Chapter 3: On Mr. Rudyard Kipling and Making the World Small
III. On Mr. Rudyard Kipling and Making the World Small
There is no such thing on earth as an uninteresting subject; the only thing that can exist is an uninterested person. Nothing is more keenly required than a defence of bores. When Byron divided humanity into the bores and bored, he omitted to notice that the higher qualities exist entirely in the bores, the lower qualities in the bored, among whom he counted himself. The bore, by his starry enthusiasm, his solemn happiness, may, in some sense, have proved himself poetical. The bored has certainly proved himself prosaic.
We might, no doubt, find it a nuisance to count all the blades of grass or all the leaves of the trees; but this would not be because of our boldness or gaiety, but because of our lack of boldness and gaiety. The bore would go onward, bold and gay, and find the blades of grass as splendid as the swords of an army. The bore is stronger and more joyous than we are; he is a demigod--nay, he is a god. For it is the gods who do not tire of the iteration of things; to them the nightfall is always new, and the last rose as red as the first.
The sense that everything is poetical is a thing solid and absolute; it is not a mere matter of phraseology or persuasion. It is not merely true, it is ascertainable. Men may be challenged to deny it; men may be challenged to mention anything that is not a matter of poetry. I remember a long time ago a sensible sub-editor coming up to me with a book in his hand, called "Mr. Smith," or "The Smith Family," or some such thing. He said, "Well, you won't get any of your damned mysticism out of this," or words to that effect. I am happy to say that I undeceived him; but the victory was too obvious and easy. In most cases the name is unpoetical, although the fact is poetical. In the case of Smith, the name is so poetical that it must be an arduous and heroic matter for the man to live up to it. The name of Smith is the name of the one trade that even kings respected, it could claim half the glory of that arma virumque which all epics acclaimed. The spirit of the smithy is so close to the spirit of song that it has mixed in a million poems, and every blacksmith is a harmonious blacksmith.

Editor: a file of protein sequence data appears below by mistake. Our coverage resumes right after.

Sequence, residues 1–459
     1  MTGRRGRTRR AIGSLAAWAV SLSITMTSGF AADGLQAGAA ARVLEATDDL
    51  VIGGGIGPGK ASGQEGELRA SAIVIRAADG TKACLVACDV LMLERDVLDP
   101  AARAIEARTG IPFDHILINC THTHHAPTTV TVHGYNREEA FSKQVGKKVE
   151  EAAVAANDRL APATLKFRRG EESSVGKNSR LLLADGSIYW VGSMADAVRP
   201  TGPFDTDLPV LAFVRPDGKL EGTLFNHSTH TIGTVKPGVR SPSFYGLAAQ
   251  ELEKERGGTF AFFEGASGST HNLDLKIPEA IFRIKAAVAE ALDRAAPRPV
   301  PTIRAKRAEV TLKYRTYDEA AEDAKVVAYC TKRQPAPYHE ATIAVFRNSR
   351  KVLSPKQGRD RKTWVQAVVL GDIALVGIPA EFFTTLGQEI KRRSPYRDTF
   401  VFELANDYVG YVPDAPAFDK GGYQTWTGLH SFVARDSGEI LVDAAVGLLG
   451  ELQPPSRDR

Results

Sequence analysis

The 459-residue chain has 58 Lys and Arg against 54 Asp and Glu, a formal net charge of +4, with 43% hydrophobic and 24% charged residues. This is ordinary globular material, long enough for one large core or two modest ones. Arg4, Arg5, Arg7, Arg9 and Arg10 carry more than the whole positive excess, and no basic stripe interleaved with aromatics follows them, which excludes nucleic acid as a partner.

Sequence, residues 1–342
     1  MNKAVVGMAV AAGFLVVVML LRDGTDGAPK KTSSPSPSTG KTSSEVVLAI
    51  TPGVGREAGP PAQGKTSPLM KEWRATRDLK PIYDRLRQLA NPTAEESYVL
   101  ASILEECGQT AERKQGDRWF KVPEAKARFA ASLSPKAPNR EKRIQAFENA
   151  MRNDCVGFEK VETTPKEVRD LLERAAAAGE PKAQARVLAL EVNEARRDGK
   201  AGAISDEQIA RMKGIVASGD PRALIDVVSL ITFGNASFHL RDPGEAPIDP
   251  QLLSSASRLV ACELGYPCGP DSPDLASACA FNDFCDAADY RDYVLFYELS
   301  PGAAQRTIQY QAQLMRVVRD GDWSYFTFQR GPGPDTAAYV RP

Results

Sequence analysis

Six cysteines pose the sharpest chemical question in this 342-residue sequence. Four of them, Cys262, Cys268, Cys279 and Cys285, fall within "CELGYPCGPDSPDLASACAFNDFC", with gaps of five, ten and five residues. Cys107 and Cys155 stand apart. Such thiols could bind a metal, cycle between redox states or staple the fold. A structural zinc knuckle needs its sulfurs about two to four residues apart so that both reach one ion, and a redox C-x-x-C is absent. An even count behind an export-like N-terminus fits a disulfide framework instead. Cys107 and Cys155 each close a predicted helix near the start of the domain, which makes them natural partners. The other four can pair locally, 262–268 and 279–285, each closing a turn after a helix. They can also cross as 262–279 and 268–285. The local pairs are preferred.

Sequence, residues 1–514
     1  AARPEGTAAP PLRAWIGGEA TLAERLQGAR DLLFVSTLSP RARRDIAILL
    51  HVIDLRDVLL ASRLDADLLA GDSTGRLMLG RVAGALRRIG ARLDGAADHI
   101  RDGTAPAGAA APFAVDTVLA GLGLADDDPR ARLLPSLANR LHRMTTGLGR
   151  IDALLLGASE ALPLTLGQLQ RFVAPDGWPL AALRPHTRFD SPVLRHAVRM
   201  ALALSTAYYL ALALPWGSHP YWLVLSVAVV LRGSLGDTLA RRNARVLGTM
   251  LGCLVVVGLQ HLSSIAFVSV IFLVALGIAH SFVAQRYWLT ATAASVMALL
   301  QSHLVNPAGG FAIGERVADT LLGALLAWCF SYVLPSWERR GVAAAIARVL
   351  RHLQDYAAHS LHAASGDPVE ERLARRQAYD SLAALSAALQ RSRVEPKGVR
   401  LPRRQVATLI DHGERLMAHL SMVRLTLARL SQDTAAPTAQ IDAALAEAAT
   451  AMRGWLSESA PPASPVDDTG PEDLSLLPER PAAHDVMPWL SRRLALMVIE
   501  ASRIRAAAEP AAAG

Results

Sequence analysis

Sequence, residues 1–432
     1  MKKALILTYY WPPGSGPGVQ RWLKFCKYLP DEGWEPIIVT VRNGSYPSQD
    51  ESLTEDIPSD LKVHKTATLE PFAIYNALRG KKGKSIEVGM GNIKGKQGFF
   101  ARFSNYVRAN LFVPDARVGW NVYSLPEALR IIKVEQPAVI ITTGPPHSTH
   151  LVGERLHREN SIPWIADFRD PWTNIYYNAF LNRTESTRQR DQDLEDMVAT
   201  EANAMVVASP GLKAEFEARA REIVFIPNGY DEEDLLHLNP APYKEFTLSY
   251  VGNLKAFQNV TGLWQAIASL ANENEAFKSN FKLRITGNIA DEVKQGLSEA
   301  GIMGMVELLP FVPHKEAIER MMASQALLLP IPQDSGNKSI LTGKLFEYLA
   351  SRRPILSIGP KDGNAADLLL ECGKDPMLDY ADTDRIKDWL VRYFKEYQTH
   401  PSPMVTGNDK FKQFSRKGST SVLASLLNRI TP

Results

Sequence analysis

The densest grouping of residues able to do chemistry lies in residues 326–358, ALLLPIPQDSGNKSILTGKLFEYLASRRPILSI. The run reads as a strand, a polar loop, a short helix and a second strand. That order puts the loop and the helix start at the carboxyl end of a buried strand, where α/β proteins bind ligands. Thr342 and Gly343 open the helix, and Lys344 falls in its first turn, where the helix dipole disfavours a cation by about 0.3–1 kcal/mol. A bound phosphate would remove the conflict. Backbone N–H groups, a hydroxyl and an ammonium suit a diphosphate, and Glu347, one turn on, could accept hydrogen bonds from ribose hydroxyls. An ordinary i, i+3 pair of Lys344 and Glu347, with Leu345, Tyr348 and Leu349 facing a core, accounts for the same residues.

Even the village children feel that in some dim way the smith is poetic, as the grocer and the cobbler are not poetic, when they feast on the dancing sparks and deafening blows in the cavern of that creative violence. The brute repose of Nature, the passionate cunning of man, the strongest of earthly metals, the wierdest of earthly elements, the unconquerable iron subdued by its only conqueror, the wheel and the ploughshare, the sword and the steam-hammer, the arraying of armies and the whole legend of arms, all these things are written, briefly indeed, but quite legibly, on the visiting-card of Mr. Smith. Yet our novelists call their hero "Aylmer Valence," which means nothing, or "Vernon Raymond," which means nothing, when it is in their power to give him this sacred name of Smith--this name made of iron and flame. It would be very natural if a certain hauteur, a certain carriage of the head, a certain curl of the lip, distinguished every one whose name is Smith. Perhaps it does; I trust so. Whoever else are parvenus, the Smiths are not parvenus. From the darkest dawn of history this clan has gone forth to battle; its trophies are on every hand; its name is everywhere; it is older than the nations, and its sign is the Hammer of Thor. But as I also remarked, it is not quite the usual case. It is common enough that common things should be poetical; it is not so common that common names should be poetical. In most cases it is the name that is the obstacle. A great many people talk as if this claim of ours, that all things are poetical, were a mere literary ingenuity, a play on words. Precisely the contrary is true. It is the idea that some things are not poetical which is literary, which is a mere product of words. The word "signal-box" is unpoetical. But the thing signal-box is not unpoetical; it is a place where men, in an agony of vigilance, light blood-red and sea-green fires to keep other men from death. That is the plain, genuine description of what it is; the prose only comes in with what it is called. The word "pillar-box" is unpoetical. But the thing pillar-box is not unpoetical; it is the place to which friends and lovers commit their messages, conscious that when they have done so they are sacred, and not to be touched, not only by others, but even (religious touch!) by themselves. That red turret is one of the last of the temples. Posting a letter and getting married are among the few things left that are entirely romantic; for to be entirely romantic a thing must be irrevocable. We think a pillar-box prosaic, because there is no rhyme to it. We think a pillar-box unpoetical, because we have never seen it in a poem. But the bold fact is entirely on the side of poetry. A signal-box is only called a signal-box; it is a house of life and death. A pillar-box is only called a pillar-box; it is a sanctuary of human words. If you think the name of "Smith" prosaic, it is not because you are practical and sensible; it is because you are too much affected with literary refinements. The name shouts poetry at you. If you think of it otherwise, it is because you are steeped and sodden with verbal reminiscences, because you remember everything in Punch or Comic Cuts about Mr. Smith being drunk or Mr. Smith being henpecked. All these things were given to you poetical. It is only by a long and elaborate process of literary effort that you have made them prosaic.